This rising literacy led to the creation not just books but of other kinds of
print media…particularly, for our purposes, newspapers.
The first newspaper in Europe appeared in Germany in 1605 and this was followed shortly by
successful papers in the Netherlands, France, Portugal, and Spain. Amsterdam in
particular became a hub for printing newspapers, and it was where the first
English-language paper was printed in 1620. In fact, the first recorded daily
newspaper printed in England wouldn’t debut until 1702, and first regularly
published US newspaper, THE BOSTON NEWSLETTER, appeared in 1704. Now,
alongside, newspapers broadsheets, or broadsides, became a popular form of
print media. These were, like newspapers, ephemera: they were meant to be consumed, read and thrown away, not kept like books. These were large, often 2 x 2.5 feet. Some were printed on a single side and meant to be posted, these were
broadsides; and others were printed on both sides, these were broadsheets. Unlike
newspapers, they were frequently used for Royal announcements or governmental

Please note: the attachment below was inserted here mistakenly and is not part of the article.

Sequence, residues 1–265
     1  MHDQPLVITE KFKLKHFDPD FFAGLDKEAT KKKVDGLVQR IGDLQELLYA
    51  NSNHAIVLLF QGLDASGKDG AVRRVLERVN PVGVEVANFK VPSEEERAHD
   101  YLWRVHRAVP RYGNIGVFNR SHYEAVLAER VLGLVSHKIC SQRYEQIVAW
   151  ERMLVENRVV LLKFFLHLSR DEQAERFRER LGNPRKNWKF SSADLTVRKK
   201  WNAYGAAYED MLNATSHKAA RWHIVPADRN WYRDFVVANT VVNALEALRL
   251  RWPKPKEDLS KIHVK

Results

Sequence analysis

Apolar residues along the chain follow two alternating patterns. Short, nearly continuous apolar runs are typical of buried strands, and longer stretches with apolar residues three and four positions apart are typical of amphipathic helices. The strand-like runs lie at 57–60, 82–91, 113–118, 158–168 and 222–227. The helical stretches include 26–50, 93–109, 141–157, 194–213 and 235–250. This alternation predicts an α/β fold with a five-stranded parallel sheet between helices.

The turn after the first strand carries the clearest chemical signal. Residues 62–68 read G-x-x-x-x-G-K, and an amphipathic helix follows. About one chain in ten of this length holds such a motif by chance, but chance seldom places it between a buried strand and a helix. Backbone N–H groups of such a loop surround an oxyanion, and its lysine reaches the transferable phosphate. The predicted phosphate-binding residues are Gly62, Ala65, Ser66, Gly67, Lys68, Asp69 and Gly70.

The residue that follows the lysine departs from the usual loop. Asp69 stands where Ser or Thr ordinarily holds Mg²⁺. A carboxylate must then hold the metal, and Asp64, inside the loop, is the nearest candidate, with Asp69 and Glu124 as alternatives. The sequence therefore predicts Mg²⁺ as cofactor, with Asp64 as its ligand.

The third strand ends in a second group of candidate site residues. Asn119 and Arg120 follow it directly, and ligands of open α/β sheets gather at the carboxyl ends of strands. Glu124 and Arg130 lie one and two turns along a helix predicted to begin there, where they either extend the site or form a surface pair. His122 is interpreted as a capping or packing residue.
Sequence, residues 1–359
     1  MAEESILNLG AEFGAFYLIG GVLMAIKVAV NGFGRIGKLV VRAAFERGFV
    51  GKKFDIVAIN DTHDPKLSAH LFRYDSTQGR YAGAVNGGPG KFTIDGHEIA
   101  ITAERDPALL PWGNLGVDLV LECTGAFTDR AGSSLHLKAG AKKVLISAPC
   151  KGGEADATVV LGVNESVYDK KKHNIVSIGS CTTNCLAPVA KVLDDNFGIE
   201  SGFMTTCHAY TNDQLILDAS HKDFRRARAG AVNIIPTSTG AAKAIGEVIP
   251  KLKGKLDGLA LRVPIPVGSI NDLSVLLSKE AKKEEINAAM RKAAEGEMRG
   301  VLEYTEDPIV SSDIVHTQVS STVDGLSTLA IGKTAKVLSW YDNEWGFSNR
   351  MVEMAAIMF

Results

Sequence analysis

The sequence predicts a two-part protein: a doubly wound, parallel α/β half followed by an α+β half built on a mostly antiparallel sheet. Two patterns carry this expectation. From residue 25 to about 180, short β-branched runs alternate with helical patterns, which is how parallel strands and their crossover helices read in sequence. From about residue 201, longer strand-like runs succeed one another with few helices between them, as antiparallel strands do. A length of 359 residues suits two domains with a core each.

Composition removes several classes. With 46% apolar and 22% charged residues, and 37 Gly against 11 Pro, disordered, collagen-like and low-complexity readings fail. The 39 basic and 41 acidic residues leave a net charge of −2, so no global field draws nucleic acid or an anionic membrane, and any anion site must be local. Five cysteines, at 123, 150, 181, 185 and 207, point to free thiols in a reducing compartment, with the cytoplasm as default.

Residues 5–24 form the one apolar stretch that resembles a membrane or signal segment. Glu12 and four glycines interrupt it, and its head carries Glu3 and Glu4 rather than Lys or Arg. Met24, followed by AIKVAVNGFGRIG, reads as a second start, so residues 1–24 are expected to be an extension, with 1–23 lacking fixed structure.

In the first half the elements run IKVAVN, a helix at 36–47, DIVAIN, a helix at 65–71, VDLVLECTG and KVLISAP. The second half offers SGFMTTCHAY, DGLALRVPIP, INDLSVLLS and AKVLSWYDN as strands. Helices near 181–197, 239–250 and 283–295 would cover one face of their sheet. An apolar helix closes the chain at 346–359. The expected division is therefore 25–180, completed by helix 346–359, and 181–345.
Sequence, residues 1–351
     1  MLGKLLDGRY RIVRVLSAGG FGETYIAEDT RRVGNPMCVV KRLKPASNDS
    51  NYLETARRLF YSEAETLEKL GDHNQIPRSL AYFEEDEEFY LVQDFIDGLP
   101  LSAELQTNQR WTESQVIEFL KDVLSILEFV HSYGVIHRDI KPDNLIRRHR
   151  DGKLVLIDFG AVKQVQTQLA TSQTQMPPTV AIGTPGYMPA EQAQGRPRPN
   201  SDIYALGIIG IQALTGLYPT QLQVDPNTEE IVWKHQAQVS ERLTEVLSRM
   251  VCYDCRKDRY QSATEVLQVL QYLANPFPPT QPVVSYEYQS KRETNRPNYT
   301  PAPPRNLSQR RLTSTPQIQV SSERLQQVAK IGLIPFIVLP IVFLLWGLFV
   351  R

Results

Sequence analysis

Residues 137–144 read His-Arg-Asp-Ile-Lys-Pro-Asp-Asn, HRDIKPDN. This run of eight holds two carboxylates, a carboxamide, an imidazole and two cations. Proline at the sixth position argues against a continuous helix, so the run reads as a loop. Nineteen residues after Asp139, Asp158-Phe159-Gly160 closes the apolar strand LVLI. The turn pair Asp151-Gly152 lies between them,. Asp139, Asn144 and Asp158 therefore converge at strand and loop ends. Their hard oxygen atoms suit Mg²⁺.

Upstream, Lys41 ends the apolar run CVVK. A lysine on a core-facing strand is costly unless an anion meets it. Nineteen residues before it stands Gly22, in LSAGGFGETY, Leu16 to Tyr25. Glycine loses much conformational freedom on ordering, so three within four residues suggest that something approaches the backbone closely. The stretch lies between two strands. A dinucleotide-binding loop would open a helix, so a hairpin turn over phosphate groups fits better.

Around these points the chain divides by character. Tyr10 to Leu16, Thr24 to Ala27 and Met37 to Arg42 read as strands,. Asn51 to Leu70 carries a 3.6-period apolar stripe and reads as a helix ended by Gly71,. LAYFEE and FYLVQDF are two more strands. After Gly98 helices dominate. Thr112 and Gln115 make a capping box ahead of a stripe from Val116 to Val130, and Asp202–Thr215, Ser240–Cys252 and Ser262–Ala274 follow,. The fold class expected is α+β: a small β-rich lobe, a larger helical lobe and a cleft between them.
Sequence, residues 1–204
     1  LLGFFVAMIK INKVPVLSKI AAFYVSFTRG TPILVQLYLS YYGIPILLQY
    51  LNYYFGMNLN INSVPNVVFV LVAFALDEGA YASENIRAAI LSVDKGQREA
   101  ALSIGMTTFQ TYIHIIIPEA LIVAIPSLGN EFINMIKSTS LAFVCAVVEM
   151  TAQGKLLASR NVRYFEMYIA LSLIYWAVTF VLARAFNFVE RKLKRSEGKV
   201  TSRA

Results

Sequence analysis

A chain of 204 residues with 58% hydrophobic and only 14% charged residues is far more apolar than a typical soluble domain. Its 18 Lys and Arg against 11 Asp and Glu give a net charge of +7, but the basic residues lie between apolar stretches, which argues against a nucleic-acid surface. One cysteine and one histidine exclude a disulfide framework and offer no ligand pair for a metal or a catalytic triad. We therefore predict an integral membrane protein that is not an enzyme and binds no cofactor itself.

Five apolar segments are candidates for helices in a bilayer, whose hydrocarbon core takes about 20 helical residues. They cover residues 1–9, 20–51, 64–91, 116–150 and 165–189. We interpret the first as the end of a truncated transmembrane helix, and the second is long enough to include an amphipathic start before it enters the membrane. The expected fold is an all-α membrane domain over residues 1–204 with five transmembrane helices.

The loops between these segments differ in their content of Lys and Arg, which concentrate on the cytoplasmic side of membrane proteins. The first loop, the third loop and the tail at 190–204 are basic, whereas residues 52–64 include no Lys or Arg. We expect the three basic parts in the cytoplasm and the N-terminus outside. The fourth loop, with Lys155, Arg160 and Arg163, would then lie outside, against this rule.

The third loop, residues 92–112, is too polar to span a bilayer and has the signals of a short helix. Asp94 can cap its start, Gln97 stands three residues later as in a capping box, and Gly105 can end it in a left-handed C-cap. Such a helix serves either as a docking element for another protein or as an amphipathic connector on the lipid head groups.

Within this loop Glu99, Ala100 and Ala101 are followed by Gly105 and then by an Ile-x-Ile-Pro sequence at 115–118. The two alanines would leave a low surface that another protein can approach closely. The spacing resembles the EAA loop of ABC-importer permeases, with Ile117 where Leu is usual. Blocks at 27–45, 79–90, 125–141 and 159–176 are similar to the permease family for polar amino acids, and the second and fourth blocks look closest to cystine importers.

edicts, but often ended up becoming places for political discourse like, oh, say this one. And often as well for sensationalist propaganda. Aometimes they
were even used for folklore, to record ballads, and song lyrics, and the like. So why
are we talking about broadsheets? Well, because of their size and often extreme
nature in content, broadsheets and illustrations were natural companions. And
as David Kunzle well points out in a ton of detail in his book THE EARLY COMIC STRIP, many of these illustrations ended up looking very much like comic strips.
Take for example Francis Barlow’s 1682 broadsheet, A TRUE NARRATIVE OF THE HORRID HELLISH POPISH PLOT. It has panels, captions and boxes, and even early
versions of speech balloons which were often called banderoles at this point.
Now this is tabloid stuff. Anti-catholic sentiment in particular inspired a lot
of propaganda throughout the 16 and 1700s,
but there’s stranger stuff too like this piece inspired by the Mary Toft affair. In case you don’t know, this is a woman who had convinced the King’s own doctor
that she had been giving birth to litters of rabbits. That particular story